Student marking off milestones

Rodniqua watches the remainder of a cheerleading competition from the stands following her squad's performance

Christina Elmore/Staff

The St. John’s High School cheerleading squad competing at Stratford High School.

Rodniqua Brothers soon will face one of the biggest milestones in her life: her 18th birthday.

While turning 18 is a big deal in every teenager's life, the St. John's High School senior's excitement is dampened since Nov. 7 falls on a Monday this year.

Despite that little hiccup, Rodniqua said she is still looking forward to the change her birthday represents.

"Of course I was already transitioning into adulthood, but I wasn't legally an adult. It's refreshing, but it's also a little scary. Pretty soon I'm going to be out in the world and I'm not going to be at home anymore. I'm excited, but I don't think I'm really going to feel any different until graduation," Rodniqua said.

Approaching legal adulthood constantly reminds Rodniqua that her high school days soon will come to an end.

That coupled with the fact that she recently cheered at her last regular season high school football game makes that knowledge all the more bittersweet.

"I'm going to miss it. I think I'm going to cry when basketball season ends," she said.

While football season has come to an end, Rodniqua is not quite through with cheering yet.

Her school's squad is participating in several competitions this year, something Rodniqua said is unprecedented for them.

"It would be nice to get a trophy, but this is the first year for any of us at the competition, so we're taking this as a learning experience. ... We've come a long way from where we used to be two or three years ago. Back then, we would have never thought we would be at a competition," she said.

Rodniqua said she thinks competing is bringing the squad and the student body closer together.

"The school is motivating us. One time we were performing at a pep rally and we didn't do as good as we should have. Even though we messed up, they still encouraged us and said that we did a good job. Two or three years ago if we fell, the entire school would have laughed at us," Rodniqua said.

"The girls were the ones that wanted to do it (compete)," said St. John's cheerleading coach Trista Jones following a competition at Stratford High School.

"I have never done competition, so this is my first year ever. I'm learning as much as they are, but we're doing it together. The girls really wanted to do it, so I'm here to make sure that they get to do what they want to do in high school," she said.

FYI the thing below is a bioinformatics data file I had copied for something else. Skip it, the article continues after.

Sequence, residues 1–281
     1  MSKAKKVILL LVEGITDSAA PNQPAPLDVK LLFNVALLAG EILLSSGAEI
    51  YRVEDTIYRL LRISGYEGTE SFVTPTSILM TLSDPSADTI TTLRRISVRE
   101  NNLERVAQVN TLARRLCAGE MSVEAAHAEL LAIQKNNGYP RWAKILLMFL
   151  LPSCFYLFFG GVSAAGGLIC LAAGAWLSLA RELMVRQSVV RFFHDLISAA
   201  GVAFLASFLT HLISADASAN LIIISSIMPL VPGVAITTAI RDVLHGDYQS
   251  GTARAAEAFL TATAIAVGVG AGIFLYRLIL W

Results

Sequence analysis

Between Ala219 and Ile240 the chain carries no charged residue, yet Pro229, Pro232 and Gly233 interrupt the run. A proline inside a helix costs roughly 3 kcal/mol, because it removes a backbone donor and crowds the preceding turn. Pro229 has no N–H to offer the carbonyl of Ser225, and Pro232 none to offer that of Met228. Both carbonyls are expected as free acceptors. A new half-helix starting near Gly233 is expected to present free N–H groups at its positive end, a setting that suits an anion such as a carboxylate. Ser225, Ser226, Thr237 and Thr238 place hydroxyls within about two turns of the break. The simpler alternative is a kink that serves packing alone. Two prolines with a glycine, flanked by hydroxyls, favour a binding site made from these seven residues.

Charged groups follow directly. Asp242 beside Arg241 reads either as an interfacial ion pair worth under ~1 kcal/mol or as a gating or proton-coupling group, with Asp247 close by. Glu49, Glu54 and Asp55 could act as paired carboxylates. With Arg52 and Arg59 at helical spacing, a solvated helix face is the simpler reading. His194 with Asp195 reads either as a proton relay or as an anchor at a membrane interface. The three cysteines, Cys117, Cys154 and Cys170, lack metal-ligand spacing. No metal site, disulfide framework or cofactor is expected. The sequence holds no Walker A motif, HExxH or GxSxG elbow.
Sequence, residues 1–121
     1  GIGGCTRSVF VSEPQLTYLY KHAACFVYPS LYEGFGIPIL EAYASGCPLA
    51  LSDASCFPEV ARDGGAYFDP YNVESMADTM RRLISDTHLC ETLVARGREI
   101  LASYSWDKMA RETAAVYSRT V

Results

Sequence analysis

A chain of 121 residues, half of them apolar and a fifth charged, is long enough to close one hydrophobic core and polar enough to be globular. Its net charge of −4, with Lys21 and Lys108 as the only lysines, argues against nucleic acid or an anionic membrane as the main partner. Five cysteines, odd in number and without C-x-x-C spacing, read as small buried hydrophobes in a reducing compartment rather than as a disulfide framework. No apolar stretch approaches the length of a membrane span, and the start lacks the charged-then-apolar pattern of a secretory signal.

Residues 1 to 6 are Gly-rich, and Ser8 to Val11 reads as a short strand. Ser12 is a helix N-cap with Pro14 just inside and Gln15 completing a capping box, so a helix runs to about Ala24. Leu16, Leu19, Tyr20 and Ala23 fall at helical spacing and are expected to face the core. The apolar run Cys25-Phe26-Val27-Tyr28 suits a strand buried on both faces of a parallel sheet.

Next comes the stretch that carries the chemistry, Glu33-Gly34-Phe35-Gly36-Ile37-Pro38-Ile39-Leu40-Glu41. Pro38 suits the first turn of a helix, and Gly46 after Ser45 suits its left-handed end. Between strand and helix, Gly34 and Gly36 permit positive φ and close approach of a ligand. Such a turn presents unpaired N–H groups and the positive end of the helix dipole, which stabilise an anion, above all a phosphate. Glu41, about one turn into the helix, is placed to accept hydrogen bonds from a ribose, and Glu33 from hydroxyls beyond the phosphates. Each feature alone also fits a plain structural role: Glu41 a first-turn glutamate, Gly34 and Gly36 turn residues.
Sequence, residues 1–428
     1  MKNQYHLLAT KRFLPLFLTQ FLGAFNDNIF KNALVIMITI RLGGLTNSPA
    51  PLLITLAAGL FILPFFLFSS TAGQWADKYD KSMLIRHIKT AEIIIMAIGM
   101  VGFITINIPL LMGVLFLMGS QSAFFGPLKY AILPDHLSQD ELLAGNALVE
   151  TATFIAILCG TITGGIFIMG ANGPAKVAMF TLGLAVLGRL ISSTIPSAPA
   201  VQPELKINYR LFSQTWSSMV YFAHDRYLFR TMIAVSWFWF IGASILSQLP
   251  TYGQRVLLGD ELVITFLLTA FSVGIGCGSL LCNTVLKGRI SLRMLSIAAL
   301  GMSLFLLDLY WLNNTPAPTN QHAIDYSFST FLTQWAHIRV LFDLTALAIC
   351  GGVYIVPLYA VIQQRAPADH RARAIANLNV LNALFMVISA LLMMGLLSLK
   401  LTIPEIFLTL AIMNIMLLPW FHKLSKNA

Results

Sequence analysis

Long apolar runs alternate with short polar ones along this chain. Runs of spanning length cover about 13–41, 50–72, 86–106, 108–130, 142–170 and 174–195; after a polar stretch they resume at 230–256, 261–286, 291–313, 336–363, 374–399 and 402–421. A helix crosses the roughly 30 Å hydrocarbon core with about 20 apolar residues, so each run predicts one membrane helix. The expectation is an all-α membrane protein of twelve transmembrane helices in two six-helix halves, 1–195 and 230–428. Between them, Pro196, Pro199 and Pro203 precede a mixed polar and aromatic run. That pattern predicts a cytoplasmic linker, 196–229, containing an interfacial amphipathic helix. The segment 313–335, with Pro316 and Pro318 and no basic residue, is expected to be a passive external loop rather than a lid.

November is the start of a relaxing time for Rodniqua, given the break between football and the upcoming basketball season.

She said she plans on devoting this time to college applications.

Between academics and her numerous extracurricular activities, Rodniqua said it can be challenging to find an adequate amount of time to plan for the future.

Filling out applications by hand and mailing them can be a slow process. As a result, she prefers the online approach.

"I find myself rushing a lot. Applications are the first impression that the college will see of you. If you send in an application with not-so-neat handwriting because you were rushing to fill it out, that's not going to reflect well," Rodniqua said.

"If you just have a few minutes to fill out an application, then online is probably the best way to go. It's so much easier and quicker."

In the past month, Rodniqua has applied to Erskine College as well as Clemson, Coastal Carolina, Francis Marion and USC-Upstate.

She plans on visiting Francis Marion on a school trip.

She said the trip is a big help, especially for students who otherwise may not have transportation to tour colleges.

Rodniqua said applying for college has tested her confidence in a number of ways.

Though she maintains a B average, she's shaken by not being one of the top students in her class.

She wonders whether schools will see anything special in her, considering all of the other great students who also are applying.

Rodniqua said she's using her insecurity as motivation to strive to at least be in the Top 10 of her class.

She also acknowledges that her busy schedule might just work in her favor in the end.

"I may not be in the top of my class, but I've learned that academics aren't enough for colleges these days. They want someone who is well-rounded," Rodniqua said. "It's hard being so busy all of the time, but it's good that I can put down a lot of extracurriculars when I'm applying."

Reach Christina Elmore at 937-5908.